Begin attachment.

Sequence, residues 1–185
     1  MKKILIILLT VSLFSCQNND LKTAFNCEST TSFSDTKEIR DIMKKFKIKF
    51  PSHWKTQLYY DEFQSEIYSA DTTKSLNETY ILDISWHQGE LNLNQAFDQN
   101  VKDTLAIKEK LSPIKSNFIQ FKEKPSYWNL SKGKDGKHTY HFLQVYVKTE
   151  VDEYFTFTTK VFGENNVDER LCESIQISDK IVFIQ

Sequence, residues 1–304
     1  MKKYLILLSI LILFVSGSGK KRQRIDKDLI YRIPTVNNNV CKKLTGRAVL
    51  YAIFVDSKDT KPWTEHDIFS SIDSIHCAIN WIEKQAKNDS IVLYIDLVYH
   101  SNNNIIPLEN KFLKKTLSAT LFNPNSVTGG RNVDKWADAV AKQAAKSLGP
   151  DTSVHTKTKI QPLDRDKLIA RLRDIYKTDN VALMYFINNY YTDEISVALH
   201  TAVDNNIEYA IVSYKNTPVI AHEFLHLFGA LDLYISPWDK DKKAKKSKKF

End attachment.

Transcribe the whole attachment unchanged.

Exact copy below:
Sequence, residues 1–185
     1  MKKILIILLT VSLFSCQNND LKTAFNCEST TSFSDTKEIR DIMKKFKIKF
    51  PSHWKTQLYY DEFQSEIYSA DTTKSLNETY ILDISWHQGE LNLNQAFDQN
   101  VKDTLAIKEK LSPIKSNFIQ FKEKPSYWNL SKGKDGKHTY HFLQVYVKTE
   151  VDEYFTFTTK VFGENNVDER LCESIQISDK IVFIQ

Sequence, residues 1–304
     1  MKKYLILLSI LILFVSGSGK KRQRIDKDLI YRIPTVNNNV CKKLTGRAVL
    51  YAIFVDSKDT KPWTEHDIFS SIDSIHCAIN WIEKQAKNDS IVLYIDLVYH
   101  SNNNIIPLEN KFLKKTLSAT LFNPNSVTGG RNVDKWADAV AKQAAKSLGP
   151  DTSVHTKTKI QPLDRDKLIA RLRDIYKTDN VALMYFINNY YTDEISVALH
   201  TAVDNNIEYA IVSYKNTPVI AHEFLHLFGA LDLYISPWDK DKKAKKSKKF